Current Retail: $144.99-$154.99
Historic Range: $144.99-$239.99
Reviewers Paid: $90.00-$200.00
I have used Irish Setter boots for most of my 53-year life as an avid big game hunter. I learned of Irish Setter in my early years from my Dad and Grandpa who strongly recommended them. In all those years we had only one problem. I contacted the company and they were exactly as my dad said.... a company you can rely on...Problem solved.
When you have to trust in your pair of boots ... you should never have to think about them.
- Unbelievably comfortable for long hunts
- Strength of construction for side hill walking
- Easy on and off
- Last forever...seriously
- Company is truly behind their product
- I love them more than my dog.....Sorry, Rex.
- They only could improve if they were free :)
- My wife will only allow one pair every 3 years.
With these boots I am extremely familiar. I have purchased dozens over the years of many makes and models for myself and my three boys as well as the multitude from my Dad and Granpa.
My son says there are many newer companies around that have very good boots and that I should check them out...AND I HAVE, WHENEVER I AM IN THE HUNTING STORE...
BE AWARE.... Before any one buys a pair of hunting boots I would strongly advise them to try on a pair of Irish Setter and you will feel the difference. NO JOKING...ABSOLUTELY THE BEST BOOTS AROUND.
The fit is very comfortable and can be noticed in extremely harsh and rugged conditions and you will not lose your footing. Take a look at the tread pattern (very aggressive really good on slippery mud).
Their very best boots are obviously more expensive, but well worth it if you have to rely on them.
I am a very analytical guy and can tell you I can find no faults in these boots. Are they perfect? I think so.
Check them out and you will see.
Ps: They are so comfortable I wear them whenever I can in the city...Except church, my wife says NO.
Source: bought it new
Price Paid: 85-350 dollars
My Red Wings are disappointing everyday work shoes because the soles are inferrior. For light duty to occasional duty they are fine.
I'm sure the older construction was better. I'm done with cheaply made Red Wing products.
- Good looks
- Non lug type soles that trap mud
- Soles do not last
Great boots, tough soles and very comfortable, especially given the price!
- Mesh lower limits waterproofing
I've had my Irish Setters since about 2008, and have put them through hundreds of miles of abuse. From Idaho backcountry 13-mile days, Utah 10 milers and countless miles of East Coast mud, streams, and sticks these boots haven't let me down yet.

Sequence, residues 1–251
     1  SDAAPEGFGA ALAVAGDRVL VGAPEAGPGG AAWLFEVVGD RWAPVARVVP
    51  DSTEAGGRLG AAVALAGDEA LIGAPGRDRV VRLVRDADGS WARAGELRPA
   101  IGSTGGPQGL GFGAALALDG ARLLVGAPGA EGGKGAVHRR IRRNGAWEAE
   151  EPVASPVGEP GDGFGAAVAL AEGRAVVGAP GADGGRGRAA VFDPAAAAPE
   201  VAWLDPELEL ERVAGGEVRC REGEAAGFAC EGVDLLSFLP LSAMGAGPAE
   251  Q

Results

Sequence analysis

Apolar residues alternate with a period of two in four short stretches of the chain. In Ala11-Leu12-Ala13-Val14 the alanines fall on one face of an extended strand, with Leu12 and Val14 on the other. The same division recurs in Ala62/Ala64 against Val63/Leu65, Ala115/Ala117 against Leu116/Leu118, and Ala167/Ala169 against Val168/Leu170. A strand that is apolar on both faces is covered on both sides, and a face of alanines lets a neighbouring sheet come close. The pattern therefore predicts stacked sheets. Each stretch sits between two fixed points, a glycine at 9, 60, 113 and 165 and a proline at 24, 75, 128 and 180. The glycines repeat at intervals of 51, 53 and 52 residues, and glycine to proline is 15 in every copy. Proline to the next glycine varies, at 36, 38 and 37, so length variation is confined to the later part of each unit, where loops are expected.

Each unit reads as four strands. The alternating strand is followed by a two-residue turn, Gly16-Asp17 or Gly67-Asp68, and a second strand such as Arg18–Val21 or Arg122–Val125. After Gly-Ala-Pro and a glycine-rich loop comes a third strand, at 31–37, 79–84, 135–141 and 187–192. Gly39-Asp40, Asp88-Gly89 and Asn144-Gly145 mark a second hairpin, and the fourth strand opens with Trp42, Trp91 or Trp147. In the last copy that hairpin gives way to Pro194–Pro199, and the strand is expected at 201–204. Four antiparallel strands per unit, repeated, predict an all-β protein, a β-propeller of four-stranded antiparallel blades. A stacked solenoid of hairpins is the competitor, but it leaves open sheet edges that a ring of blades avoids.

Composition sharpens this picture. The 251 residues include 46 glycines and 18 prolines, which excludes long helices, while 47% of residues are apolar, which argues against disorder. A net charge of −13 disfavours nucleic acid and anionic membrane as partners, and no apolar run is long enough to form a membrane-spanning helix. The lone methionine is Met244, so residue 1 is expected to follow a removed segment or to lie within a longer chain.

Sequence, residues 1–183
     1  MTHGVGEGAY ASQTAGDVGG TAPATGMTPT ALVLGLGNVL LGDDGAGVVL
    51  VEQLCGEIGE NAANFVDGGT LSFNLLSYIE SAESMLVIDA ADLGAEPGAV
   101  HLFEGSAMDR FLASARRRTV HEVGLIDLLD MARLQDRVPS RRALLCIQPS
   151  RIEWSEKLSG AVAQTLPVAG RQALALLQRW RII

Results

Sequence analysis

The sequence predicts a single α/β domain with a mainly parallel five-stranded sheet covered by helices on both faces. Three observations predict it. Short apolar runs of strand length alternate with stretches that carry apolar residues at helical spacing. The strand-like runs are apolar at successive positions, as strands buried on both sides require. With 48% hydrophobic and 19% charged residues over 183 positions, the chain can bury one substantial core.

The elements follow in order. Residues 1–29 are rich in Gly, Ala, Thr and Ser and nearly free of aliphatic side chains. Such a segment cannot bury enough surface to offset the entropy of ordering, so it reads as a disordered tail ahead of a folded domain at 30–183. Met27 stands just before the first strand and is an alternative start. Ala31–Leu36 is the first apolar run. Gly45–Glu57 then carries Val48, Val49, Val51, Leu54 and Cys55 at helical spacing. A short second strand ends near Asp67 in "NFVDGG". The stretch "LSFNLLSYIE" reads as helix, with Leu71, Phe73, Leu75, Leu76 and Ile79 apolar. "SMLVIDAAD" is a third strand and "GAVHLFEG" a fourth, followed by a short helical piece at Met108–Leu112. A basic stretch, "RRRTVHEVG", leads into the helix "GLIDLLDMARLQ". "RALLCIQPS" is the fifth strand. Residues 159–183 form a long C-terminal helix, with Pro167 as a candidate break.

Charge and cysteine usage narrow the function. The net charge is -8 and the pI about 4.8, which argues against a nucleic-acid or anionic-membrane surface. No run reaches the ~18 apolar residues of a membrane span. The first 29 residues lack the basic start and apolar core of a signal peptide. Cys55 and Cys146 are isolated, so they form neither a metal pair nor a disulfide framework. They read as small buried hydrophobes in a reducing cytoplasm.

Mine are mid-calf with a mix of leather and mesh lowers, which does hurt the waterproofing. While they are GoreTex lined, I have admittedly not cared for them properly with regards to re-applying proofing sprays. The soles are starting to wear significantly but do not suffer from a lack of traction or comfort. The insoles have lost much of their cush under my big toe and after significant downhills the ball of my foot is tired.
Fit is spot-on and very little break-in was required.
Support is also excellent. I have a weak ankle and while it will roll some in these boots, I have yet to exert it to the point of discomfort.
Source: received it as a personal gift
Bought mine in 1978. Still wearing them today. Had to have the Vibram soles reattached in 1990.
They are as good as new, very comfortable, still do not leak and I wore them quail hunting last week.
Price Paid: less than 100
There have been more than one Irish Setter boots sold by Red Wing. The pair I owned were purchased in the 1970s, and were built like high topped US Army military boots, but were made with oil tanned leather, Norwegian welts and Vibram soles. They were originally intended as hunting boots.
I wore them as caving boots in muddy, wet caves in the eastern US. They survived four years of monthly abuse and kept going until I finally blew them out.
So far as I know Red Wing still sells these boots. The boots to buy do not have cloth or Gore-Tex uppers, and are higher than standard hiking boots.
Materials: Oil tanned leather
Use: Caving and wet weather day hiking
Break-in Period: One month of light hiking.
Weight: 4 pounds for the pair
Price Paid: $150
These boots are outstanding. On my father's advice, he wore them all of his life in geological field work, I purchased a pair for hiking and outdoor recreational use. No break-in period whatsoever. With a polypro sock and wool your feet will stay completely toasty. The sole is a heavy-duty vibram which looks as good today as it did when I bought them 11 years ago. Toe gets scuffed a bit and I have to pay special attention to keeping that clean and conditioned. I will definitely buy another pair...in 10 years when this pair finally wears out!
Use: Rough trail/Rocky
Break-in Period: None
Price Paid: $90
Well, what can I say? They have gotten me to the top of Mount Rainier and to the bottom of the Grand Canyon. I used them on my through hike of the 2650 Pacific Crest Trail. They are good for at least 2000 miles of trail. I have even done 5.8 pitches in them. No break in required and never a blister. Last forever, comfortable, multi use. Who could ask for anything more?
Use: climbing/long distance backpacing
Break-in Period: zero
Weight: 3 lbs pr
Price Paid: $200
As my first hiking boot, I didn't know what to get, but I found this pair on sale for $90 and figured I didn't have much to lose. After putting on a 100 miles @ Philmont, I have no complaints--no leaks, blisters--the toe box is very hard leather, but scuffs easily. I coated them with aquaseal (voids the warranty against leaks), but they have kept me dry thus far. Note--Redwing is the same company that makes Vasque boots.
Materials: Full-grain leather w/Gore-Tex
Use: Rugged Terrain (Philmont) with 40lb. pack
Break-in Period: 2 months-walking around school-cutting lawns
Weight: 3.5 lbs
Price Paid: $90 on sale, $160 is reg.